Arte Es Vida

Copper Washer Pendent by arteesvida
December 2, 2006, 3:36 am
Filed under: Mixed Media, Non-Traditional Jewelry, Wire Work

From 2003: We recently moved from a house in the middle of nowhere, to a townhouse in the suburbs. The bad news is my 3-year-old doesn’t understand why he can’t go outside naked. The good news is I have unwittingly discovered the Mecca of junk. I learned very quickly to look at the ground as I am out walking around, and I come home with a pocketful of odd objects that make my husband wrinkle his nose with disgust. But I knew I had one person on my side when the aforementioned (and yes, fully clothed) 3-year-old stopped his trike on the way home from the park to pick up and present me with a squashed bottle cap. If you, like us, have a magpie’s eye for shiny found treasures, this is a project you will love!


A large metal washer (yep, mine was a found object…but you can pick one up at the hardware store too)

Copper paint made with ground copper and a verdegris copper patina solution (made with ammonium chloride and copper sulfate). You can buy these separately or in a kit. I purchased the Modern Options Patina Green Antiquing Set (available at Michaels) for this project.

Non-yellowing acrylic sealer


20 gauge copper wire

Wire cutters

Round nosed pliers

Metal file or rotary tool with file attachment

Clean up your metal washer. If it is new and still smooth, you should rough it up a little with some sandpaper to give the metal enough teeth to adhere the paint. Paint on the copper base coat. While the paint is still tacky (not completely fresh, but not dried yet), brush on (with a different or well-cleaned brush) the verdigris solution in the areas you want to antique. The more layers of the solution you apply the darker the patina will ultimately be. If your copper base coat dries completely before you apply the antiquing solution, the solution will not work. You will need to apply another coat of copper base before antiquing.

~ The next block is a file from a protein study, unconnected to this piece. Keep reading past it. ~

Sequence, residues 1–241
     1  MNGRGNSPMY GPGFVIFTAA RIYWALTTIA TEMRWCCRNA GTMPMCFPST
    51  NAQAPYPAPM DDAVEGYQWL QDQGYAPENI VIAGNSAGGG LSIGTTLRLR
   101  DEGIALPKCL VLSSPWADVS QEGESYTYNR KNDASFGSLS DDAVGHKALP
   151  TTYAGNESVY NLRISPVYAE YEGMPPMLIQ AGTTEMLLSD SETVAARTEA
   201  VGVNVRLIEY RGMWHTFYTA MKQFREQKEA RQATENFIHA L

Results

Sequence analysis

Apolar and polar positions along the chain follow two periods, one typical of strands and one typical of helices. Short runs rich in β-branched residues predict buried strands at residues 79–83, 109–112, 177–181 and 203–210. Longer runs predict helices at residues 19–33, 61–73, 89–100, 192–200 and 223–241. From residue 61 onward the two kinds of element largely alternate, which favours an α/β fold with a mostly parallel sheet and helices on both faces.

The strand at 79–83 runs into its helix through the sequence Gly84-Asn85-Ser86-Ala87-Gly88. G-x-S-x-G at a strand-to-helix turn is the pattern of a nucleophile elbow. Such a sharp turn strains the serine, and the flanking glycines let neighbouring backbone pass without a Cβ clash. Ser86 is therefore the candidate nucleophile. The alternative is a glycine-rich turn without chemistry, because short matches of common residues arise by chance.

After it is completely dry, seal it will a non-yellowing acrylic sealer (a matte sealer will preserve the aged look better than a gloss sealer).

After applying at least two coats of sealer and giving them ample time to dry flip the washer over and paint and seal the other side.

When both sides are finished you are ready to wire wrap. For a simpler look you can use just enough wire to make a pendent loop, or you can wire wrap the whole piece. On this pendent I wrapped twice and then left a bit of space before wrapping again. It gave a nice contrast between the aged copper on the washer, and the new shiny copper of the wire.

If the pendent will be receiving a lot of wear, you might consider using more wire wrapping rather than less, it will provide a “cage” for the washer itself and diminish it’s rubbing against the clothes and skin of the wearer, making it less likely to wear the paint off.

Whether you wrap the whole piece, or just in one place to make a loop, make sure you leave an inch of wire hanging off the washer at the beginning of your wrap. This spot will be the top of your pendent. Use your round-nosed pliers to turn this piece into a loop. When you finish wrapping and return back to the top, wrap the wire several times around the bottom of the loop to secure not only the loop but also the wrap itself.

Snip off your excess wire and file any rough edges and you’re done!

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